❉ 1990 BBC adaptation of Victorian children’s novel ‘Little Sir Nicholas’, co-written by and featuring Julian Fellowes, arrives on DVD.
Little Sir Nicholas Tremaine is lost at sea, his parents drowned. Some years later his grandfather dies, leaving his grandmother alone as Lady Tremaine and apparently ending the Tremaine line. She puts a letter in a newspaper to see if there are any missing relations, where a Mrs Tremaine from London sees it and pushes her son Gerald into the role of heir. When Sir Nicholas is found in France and brought back to the Cornish household it causes friction in the Tremaine family.
‘Little Sir Nicholas’ was made in 1990 to fill the Sunday evening family viewing slot that was previously occupied by ‘The Chronicles of Narnia’ and if you’ve seen any BBC historical dramas from around this time you’ll know what to expect. It’s shot on film (which appears to have been given a cursory wipe over with a bit of spit for the DVD release) almost entirely on location around Cornwall and London. It is set in the romanticised Victorian England that we’re all so familiar with, created through delightful attention to the costumes, sets and period details.
The highlight of the serial is the shipwreck sequence in the first five minutes, which seamlessly mixes model-work and live-action footage as the Alberta is torn apart by the tempestuous sea. Because it is such an important (expensive) dramatic point we get to see it again at least once per episode.
It features Julian Fellowes as Apted, the Tremaine’s solicitor. He went on to write the films ‘Gosford Park’ and ‘Vanity Fair’ before creating the phenomenally successful ‘Downton Abbey’. The serial was directed by Andrew Morgan and the two of them have worked together on a few shows for the BBC including ‘Little Lord Fauntleroy’ and the sci-fi epic ‘Knights of God’.
We also have Christopher Villiers who was recently Colonel Brigwell in ‘Hetty Feather’; James Ellis of ‘Z-Cars’ fame; Barry Jackson from ‘Midsomer Murders’; and Rachel Gurney from the original ‘Upstairs Downstairs’. The adult actors all give very solid performances aside from Bernice Stegers as Mrs Tremaine, who sets sail fully spread as she tries to hold on to her fortune while venting her rage on Little Sir Nicholas. Scarcely a scene goes by without her delivering a withering gaze or raising a scheming eyebrow. Her final breakdown to Lady Tremaine where she declares that she “Can’t go back to being poor” is so unrestrained you’d think she was sending the whole thing up.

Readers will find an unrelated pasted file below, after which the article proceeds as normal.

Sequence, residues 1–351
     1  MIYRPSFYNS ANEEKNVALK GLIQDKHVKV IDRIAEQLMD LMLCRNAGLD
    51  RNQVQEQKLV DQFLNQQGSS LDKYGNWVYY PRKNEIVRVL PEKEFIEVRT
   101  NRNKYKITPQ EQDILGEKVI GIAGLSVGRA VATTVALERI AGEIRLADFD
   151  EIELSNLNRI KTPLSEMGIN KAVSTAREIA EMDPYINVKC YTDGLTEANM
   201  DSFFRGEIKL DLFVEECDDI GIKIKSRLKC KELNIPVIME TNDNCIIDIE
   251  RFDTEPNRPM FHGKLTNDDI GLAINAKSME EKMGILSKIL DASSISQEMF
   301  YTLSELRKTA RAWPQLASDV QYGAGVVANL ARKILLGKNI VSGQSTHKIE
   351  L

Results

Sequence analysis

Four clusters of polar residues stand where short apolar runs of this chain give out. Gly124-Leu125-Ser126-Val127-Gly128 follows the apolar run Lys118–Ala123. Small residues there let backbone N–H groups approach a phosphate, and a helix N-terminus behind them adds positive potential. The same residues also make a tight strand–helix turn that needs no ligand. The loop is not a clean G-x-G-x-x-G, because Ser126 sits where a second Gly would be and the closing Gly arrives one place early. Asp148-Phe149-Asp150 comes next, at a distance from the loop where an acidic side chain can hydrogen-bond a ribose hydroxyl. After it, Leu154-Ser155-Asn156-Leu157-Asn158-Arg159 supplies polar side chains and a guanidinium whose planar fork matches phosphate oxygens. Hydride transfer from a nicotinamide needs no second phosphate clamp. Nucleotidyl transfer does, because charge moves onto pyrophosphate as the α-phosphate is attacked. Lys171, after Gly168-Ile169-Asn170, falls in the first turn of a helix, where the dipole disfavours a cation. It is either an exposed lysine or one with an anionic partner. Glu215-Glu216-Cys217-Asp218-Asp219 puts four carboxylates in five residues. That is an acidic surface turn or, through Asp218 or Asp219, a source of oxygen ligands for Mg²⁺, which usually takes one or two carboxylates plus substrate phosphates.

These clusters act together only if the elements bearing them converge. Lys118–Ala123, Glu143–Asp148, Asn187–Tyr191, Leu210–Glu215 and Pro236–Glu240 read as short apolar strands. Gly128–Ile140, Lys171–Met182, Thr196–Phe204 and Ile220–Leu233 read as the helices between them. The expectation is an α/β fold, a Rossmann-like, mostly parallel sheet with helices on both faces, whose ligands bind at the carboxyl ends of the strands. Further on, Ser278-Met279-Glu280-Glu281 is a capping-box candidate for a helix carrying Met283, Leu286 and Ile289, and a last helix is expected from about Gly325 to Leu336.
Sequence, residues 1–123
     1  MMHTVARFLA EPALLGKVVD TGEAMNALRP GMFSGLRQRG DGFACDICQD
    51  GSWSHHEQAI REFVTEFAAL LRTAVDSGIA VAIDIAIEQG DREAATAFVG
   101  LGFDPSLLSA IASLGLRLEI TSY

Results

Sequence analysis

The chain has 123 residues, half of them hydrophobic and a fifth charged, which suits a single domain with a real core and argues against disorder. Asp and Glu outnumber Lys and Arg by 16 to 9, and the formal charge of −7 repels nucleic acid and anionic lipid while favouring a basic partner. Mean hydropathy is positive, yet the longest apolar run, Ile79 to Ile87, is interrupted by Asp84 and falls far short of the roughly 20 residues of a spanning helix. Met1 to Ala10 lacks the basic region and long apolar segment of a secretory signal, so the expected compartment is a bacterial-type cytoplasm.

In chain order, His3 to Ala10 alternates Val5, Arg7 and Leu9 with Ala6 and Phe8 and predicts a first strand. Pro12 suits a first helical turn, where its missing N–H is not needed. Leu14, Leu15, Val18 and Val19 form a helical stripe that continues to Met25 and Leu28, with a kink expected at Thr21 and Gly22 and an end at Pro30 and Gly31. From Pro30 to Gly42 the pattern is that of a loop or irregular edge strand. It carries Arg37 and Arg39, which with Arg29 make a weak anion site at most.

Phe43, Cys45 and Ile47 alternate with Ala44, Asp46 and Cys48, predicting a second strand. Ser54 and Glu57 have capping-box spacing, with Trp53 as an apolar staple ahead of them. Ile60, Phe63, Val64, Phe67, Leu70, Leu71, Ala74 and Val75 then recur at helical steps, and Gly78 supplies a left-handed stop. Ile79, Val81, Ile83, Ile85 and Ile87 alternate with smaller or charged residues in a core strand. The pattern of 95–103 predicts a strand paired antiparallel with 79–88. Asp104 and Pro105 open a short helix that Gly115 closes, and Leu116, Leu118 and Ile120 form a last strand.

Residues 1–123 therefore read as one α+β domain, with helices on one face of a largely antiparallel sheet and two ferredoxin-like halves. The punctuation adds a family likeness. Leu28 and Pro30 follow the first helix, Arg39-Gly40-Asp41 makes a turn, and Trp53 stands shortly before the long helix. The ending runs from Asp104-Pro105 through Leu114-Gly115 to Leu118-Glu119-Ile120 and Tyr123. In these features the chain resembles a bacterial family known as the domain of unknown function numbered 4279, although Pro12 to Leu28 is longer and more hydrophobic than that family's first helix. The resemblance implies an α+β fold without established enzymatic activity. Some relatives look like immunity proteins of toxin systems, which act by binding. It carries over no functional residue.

Of the child actors, only Louisa Milwood-Haigh as Margaret Tremaine is really worth mentioning. Disappointingly, the Max Beazley who plays Sir Nicholas is not Max Beesley from Hotel Babylon but a cute kid with an unbelievably strong French accent. At least he has two other acting credits to his name which is two more than Jonathan Norris, who plays the precocious bully Gerald Tremaine. I appreciate that they are all quite young but it is possible to get children to act in a less stilted and unconvincing way than they do here.
Everything about this serial is incredibly gentle. It’s hard to get worked up about the fate of ‘Nicco’, even as he climbs down a drainpipe in the pouring rain to rescue his pony. There are a couple of sweet moments such as when Sir Nicholas fills the drawing room with farm animals and a classic BBC Victorian Christmas, but aside from that the story has very little to commend it.
‘Little Sir Nicholas’ is based on a largely forgotten story by CA Jones and the production team clearly embraced that by creating a largely forgettable serial. If a classic twenty-part BBC Dickens adaptation is a three-course meal, this is a cream cracker with a miserly scrape of margarine.
❉ ‘Little Sir Nicholas’ was released on DVD on 10 October 2016 by Simply Media, RRP £14.99.